Solar power installations accounted for 32 percent of all new electrical capacity in the U.S. in 2014. This marks the second year in a row that solar installations beat out installations of both coal and wind power, according to a new report from GTM Research and the Solar Energy Industries Association (SEIA).
The report is just loaded with positive solar stats. A few highlights:
- Solar photovoltaic (PV) capacity grew by 30 percent year-over-year
- More than one billion watts of new solar capacity were installed in America’s commercial, residential and utility markets
- Solar capacity overall has grown 12 times since 2009
Last year was also the first time that U.S. residential solar capacity exceeded one gigawatt (one billion watts). “Residential continues to be the fastest-growing market segment in the U.S.,” the report states, “with 2014 marking three consecutive years of greater than 50 percent annual growth.”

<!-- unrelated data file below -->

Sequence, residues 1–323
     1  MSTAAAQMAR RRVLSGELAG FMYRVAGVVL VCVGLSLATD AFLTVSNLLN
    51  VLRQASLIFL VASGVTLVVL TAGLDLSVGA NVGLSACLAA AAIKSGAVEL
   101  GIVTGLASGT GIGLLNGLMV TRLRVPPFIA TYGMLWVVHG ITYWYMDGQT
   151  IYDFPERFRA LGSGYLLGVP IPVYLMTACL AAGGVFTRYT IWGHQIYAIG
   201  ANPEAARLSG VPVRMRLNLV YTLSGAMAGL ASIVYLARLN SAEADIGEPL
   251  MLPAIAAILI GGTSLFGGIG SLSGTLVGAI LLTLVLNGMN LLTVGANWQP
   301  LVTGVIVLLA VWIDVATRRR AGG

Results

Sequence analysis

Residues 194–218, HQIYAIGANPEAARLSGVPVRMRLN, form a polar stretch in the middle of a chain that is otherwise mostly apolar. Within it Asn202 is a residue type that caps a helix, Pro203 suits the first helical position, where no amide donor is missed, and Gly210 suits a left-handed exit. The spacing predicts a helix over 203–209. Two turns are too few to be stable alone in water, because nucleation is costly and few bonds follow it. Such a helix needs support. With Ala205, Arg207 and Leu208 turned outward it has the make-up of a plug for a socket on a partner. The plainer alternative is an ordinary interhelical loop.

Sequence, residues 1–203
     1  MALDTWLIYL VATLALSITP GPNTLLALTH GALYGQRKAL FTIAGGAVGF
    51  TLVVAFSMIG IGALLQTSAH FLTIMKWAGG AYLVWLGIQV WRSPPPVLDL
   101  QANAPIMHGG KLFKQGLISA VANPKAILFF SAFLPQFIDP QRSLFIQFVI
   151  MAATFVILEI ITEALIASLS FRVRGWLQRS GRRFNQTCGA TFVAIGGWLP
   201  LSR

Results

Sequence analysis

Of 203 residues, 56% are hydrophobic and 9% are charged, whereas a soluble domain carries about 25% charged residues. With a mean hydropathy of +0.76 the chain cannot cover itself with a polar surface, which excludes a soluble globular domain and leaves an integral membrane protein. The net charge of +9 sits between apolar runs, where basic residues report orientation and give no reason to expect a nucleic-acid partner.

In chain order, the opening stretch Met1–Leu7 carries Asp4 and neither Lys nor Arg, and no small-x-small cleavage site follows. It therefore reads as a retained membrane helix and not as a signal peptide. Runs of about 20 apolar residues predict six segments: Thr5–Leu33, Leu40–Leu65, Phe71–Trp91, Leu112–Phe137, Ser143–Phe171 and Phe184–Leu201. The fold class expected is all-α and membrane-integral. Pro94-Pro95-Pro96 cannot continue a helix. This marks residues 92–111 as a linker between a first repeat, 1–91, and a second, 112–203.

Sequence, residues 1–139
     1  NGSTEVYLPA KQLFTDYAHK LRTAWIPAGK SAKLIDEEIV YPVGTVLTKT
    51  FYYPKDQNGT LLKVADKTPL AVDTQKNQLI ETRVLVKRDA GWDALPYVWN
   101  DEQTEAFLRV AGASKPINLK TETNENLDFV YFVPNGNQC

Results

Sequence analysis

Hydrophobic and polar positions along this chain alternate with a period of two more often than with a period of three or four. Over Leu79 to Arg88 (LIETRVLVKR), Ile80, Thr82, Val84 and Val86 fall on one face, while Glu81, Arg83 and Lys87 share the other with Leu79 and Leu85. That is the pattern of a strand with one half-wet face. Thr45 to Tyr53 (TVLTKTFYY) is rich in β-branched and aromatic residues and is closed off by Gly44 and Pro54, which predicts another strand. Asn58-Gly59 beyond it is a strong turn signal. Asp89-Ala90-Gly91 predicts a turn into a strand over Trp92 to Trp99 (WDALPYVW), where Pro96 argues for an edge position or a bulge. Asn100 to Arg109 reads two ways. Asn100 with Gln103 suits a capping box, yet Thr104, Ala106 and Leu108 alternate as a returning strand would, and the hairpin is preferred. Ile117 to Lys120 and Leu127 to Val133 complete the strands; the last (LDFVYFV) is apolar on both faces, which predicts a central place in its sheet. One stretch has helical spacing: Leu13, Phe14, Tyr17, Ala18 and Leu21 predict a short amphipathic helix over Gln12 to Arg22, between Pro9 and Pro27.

Rhone Resch, the CEO of SEIA, has said that this “remarkable growth” is due in large part to the federal solar Investment Tax Credit (ITC). “Today, the U.S. solar industry has more employees than tech giants Google, Apple, Facebook and Twitter combined,” he said in a statement. “Since the ITC was passed in 2006, more than 150,000 solar jobs have been created in America, and $66 billion has been invested in solar installations nationwide.”
The Solar Foundation has also credited the ITC as one of the three major factors that contributed to the U.S. solar industry growing by over 21 percent last year. In a survey of 2,000 solar-related companies, 73 percent reported that the ITC “significantly improved” their business.
How long this solar boom will last is unknown, however, as the ITC is set to expire in 2017, which will knock the subsidy down from 30 percent to 10 percent if Congress does not act.
Yet according to a recent (and lengthy) report by Deutsche Bank, solar has already hit grid parity with conventional generation in half of all countries it surveyed. They also predict that solar will hit grid parity in all U.S. states by 2016, which may influence Congress’ decision to extend the tax credit.